This will leave communities throughout England at a greater risk of environmental harm.
More than floods The Environment Agency, and other bodies in the devolved nations, was set up to protect and improve the environment and to contribute to sustainable development.
In England alone, the Environment Agency’s key responsibilities include:
- regulation of major industry;
- flood and coastal risk management;
- water quality and resources;
- waste regulation;
- climate change;
- contaminated land;
- conservation and ecology;
Although not an emergency service, the Environment Agency is a “category one” responder under the Civil Contingencies Act. It plays an important role in preparing for, and supporting the response to, emergencies.
Staff are always on standby to respond to incidents 24 hours a day.
The government’s approach to continued cuts at the Environment Agency is a classic case of being penny wise and pound foolish.
Matthew Lay, national officer, UNISON
The areas that are most vulnerable to cuts are those which do not have ring-fenced funding allocated.
These areas include the prevention and prosecution of waste crime, work with planning authorities to ensure environmental safeguards are always in place for new development, monitoring and protection of migratory fish and pollution protection, to name just a few.
In essence, UNISON is saying that the proposed cuts will deliver a licence to pollute for those who seek to do so.
It is important we raise the profile of these services because much of the focus on the Environment Agency has been on its role in flood and coastal management, not on its environmental protection function.
Environment Agency worker
Andy Theaker, a UNISON member who works for the agency as an engineer in flood risk management, says the two months from 23 December to 23 February had been incredibly hard for staff, with more serious events “than anyone can remember”.
Staff from areas other than those related to floods were drafted in for “this prolonged effort”.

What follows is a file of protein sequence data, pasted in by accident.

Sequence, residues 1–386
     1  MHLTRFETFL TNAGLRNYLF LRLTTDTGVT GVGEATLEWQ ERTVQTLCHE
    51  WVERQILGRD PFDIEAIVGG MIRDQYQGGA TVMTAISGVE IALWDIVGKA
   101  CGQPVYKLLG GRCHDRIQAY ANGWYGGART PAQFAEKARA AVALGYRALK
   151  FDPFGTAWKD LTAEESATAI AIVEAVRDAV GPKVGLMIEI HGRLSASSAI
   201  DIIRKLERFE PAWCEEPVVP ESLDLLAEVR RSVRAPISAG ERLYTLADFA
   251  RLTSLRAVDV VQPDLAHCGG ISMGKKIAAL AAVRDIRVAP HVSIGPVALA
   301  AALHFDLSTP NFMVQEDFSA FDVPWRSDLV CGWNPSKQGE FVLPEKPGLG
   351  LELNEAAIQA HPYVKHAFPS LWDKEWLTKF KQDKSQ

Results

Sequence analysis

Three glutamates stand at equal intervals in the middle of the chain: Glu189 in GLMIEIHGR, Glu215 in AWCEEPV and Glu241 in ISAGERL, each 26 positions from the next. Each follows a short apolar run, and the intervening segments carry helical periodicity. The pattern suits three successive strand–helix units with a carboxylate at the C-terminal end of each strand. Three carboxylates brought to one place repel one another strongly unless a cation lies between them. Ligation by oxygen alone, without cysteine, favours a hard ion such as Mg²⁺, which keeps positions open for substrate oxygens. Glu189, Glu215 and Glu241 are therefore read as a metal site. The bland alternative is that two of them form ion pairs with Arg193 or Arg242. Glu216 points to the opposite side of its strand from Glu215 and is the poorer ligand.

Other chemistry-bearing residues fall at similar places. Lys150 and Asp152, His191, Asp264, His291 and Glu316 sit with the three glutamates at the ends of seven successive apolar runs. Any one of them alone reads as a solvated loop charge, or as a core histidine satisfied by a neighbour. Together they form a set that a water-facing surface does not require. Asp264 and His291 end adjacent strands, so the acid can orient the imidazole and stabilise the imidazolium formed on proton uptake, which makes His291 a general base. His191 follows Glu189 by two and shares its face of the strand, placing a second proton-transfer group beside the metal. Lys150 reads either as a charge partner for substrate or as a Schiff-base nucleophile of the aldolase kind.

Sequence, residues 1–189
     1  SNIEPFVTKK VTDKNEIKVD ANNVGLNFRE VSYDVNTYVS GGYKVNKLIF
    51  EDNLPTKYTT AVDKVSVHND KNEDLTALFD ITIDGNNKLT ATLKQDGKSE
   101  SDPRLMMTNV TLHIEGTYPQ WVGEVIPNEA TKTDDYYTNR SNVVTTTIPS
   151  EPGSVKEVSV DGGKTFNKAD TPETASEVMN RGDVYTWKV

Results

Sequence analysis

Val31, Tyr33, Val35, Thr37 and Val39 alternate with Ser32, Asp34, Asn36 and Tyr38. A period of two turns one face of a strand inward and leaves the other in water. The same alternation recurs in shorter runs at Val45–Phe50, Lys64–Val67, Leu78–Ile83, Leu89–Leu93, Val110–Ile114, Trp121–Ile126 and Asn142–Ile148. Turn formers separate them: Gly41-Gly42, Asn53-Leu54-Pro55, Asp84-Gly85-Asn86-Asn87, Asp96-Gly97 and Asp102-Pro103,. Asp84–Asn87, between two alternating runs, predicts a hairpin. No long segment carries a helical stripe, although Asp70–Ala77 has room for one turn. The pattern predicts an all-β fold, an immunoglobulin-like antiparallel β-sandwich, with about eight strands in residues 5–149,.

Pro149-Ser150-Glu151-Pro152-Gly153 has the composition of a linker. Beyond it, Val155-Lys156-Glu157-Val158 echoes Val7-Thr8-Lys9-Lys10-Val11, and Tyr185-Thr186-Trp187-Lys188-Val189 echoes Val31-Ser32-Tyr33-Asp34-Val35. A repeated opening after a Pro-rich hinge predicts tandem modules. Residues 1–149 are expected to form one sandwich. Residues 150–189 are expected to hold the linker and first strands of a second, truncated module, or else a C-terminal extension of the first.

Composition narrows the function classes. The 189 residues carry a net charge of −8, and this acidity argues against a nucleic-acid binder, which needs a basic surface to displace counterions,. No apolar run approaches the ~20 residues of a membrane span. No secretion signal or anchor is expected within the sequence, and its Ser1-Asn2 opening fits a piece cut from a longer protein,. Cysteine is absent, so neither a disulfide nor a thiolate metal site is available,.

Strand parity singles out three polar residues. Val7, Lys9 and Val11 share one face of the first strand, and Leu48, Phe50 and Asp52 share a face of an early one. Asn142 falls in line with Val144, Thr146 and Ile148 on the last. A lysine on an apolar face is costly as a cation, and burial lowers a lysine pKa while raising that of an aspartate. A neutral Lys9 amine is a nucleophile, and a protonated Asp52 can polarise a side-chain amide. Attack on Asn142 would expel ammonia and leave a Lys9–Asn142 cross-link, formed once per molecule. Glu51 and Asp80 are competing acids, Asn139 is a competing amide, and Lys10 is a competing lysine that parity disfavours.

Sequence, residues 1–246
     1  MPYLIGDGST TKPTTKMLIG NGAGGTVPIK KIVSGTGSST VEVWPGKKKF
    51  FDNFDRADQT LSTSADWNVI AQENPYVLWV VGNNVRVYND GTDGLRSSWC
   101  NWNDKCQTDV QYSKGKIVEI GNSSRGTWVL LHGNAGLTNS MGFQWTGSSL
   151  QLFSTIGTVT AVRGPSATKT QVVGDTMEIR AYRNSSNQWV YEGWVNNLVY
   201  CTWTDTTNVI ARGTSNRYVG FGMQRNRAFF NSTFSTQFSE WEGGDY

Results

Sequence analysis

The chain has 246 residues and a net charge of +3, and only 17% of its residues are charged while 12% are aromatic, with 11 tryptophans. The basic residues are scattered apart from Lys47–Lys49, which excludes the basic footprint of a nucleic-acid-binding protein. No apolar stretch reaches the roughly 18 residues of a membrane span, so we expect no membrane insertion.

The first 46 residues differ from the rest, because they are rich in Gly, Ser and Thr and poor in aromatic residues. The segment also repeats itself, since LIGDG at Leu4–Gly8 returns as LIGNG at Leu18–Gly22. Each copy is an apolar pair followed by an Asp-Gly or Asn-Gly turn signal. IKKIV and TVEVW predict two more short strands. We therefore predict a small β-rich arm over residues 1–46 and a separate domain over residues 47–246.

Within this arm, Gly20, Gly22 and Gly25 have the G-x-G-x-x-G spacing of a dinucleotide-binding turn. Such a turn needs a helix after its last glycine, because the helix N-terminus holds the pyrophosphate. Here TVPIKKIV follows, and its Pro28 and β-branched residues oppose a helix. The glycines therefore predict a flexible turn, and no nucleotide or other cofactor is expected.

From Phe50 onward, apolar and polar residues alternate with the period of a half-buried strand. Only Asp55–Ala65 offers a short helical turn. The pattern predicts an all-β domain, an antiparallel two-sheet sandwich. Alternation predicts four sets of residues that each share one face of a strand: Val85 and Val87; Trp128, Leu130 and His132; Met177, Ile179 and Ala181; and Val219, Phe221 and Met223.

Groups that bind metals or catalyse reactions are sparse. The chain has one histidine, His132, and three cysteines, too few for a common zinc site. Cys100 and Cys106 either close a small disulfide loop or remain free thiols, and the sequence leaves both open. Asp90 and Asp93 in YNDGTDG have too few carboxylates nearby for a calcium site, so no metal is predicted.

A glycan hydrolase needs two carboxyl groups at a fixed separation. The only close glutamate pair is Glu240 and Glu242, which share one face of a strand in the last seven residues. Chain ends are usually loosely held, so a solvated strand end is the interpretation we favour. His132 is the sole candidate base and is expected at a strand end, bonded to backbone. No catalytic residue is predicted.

He notes that after the press had given the agency “a good kicking”, staff felt a sense of relief when Environment Agency chairman Chris Smith had “snapped” at all the criticism.
“Year on year, we’re having cuts in revenue spending,” explains Mr Theaker, emphasising that this is what is spent on repairs and maintenance.
The service, he says, is “going down, down, down” with attempts to avoid doing work that isn’t on facilities that the agency itself actually owns and has total responsibility for, such as some locks and the Thames Barrier.
He cites a bylaw that says that it’s up to individual landowners to look after water courses on their property, explaining that, over the years, politicians have suggested using this increasingly in order to shift responsibility – and cost – away from the state.
But, continues Mr Theaker, if you think how many people that would involve near, for instance, any of London’s rivers then “it would be impossible to organise”, leaving the agency as the coherent option for undertaking such work.
However, with the agencies’ call centres already outsourced to a French multinational, the prospect of attempts to hive off more of the agencies’ work is not far from the minds of staff.
Mr Theaker believes that the planned further cuts to staff levels will have a serious impact on waste and enforcement. It’s “one of the things we do well,” he observes, but adds that, with fewer resources and less emphasis on such work it will be “a free for all with people dumping things in ways we don’t want” and all that could obviously mean for increased pollution.